For a few decades in the early twentieth century, airships were widely used, first in warfare and later as the equivalent of luxury liners in the skies. One of the greatest such craft was Germany's Hindenburg , which used hydrogen to provide buoyancy. Then, on May 6, 1937, the Hindenburg caught fire while mooring at Lakehurst, New Jersey, and 36 people were killed—a tragic and dramatic event that effectively ended the use of hydrogen in airships.
Adding to the pathos of the Hindenburg crash was the voice of radio announcer Herb Morrison, whose audio report has become a classic of radio history. Morrison had come to Lakehurst to report on the landing of the famous airship, but ended up with the biggest—and most horrifying—story of his career. As the ship burst into flames, Morrison's voice broke, and he uttered words that have become famous:"Oh, the humanity!"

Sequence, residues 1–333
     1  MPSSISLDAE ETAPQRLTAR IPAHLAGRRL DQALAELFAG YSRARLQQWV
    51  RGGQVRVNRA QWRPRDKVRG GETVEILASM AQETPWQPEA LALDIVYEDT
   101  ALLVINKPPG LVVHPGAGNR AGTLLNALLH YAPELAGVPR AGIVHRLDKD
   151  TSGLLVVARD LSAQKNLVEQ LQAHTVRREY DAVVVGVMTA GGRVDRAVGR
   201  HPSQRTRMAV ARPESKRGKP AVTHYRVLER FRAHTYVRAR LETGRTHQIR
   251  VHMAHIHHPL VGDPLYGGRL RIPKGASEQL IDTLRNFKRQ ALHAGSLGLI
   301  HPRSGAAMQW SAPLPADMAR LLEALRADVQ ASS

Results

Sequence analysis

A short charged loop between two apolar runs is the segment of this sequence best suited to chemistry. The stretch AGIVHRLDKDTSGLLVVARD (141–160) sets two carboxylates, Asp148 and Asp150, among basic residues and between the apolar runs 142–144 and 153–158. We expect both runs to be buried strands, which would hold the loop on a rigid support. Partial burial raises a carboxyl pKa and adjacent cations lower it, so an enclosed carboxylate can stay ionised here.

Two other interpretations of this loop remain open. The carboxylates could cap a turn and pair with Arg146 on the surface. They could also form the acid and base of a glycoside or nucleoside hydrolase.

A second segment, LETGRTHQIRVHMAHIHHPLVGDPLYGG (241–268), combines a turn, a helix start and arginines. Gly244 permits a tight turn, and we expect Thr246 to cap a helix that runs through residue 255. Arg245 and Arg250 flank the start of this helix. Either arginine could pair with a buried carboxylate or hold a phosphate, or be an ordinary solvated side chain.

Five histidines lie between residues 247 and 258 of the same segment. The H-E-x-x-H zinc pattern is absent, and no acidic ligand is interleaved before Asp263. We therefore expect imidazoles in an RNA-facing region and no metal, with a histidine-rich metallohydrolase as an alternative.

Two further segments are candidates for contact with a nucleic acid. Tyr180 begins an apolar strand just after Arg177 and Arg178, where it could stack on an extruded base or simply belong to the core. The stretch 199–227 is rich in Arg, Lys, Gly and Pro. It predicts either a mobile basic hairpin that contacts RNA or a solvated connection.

Half a century later, a hydrogen-related disaster destroyed a craft much more sophisticated than the Hindenburg , and this time, the medium of television provided an entire nation with a view of the ensuing horror. The event was the explosion of the space shuttle Challenger on January 28, 1986, and the cause was the failure of a rubber seal in the shuttle's fuel tanks. As a result, hydrogen gas flooded out of the craft and straight into the jet of flame behind the rocket. All seven astronauts aboard were killed.
Despite the misfortunes that have occurred as a result of hydrogen's high flammability, the element nonetheless holds out the promise of cheap, safe power. Just as it made possible the fusion, or hydrogen, bomb—which fortunately has never been dropped in wartime, but is estimated to be many hundreds of times more lethal than the fission bombs dropped on Japan—hydrogen may be the key to the harnessing of nuclear fusion, which could make possible almost unlimited power.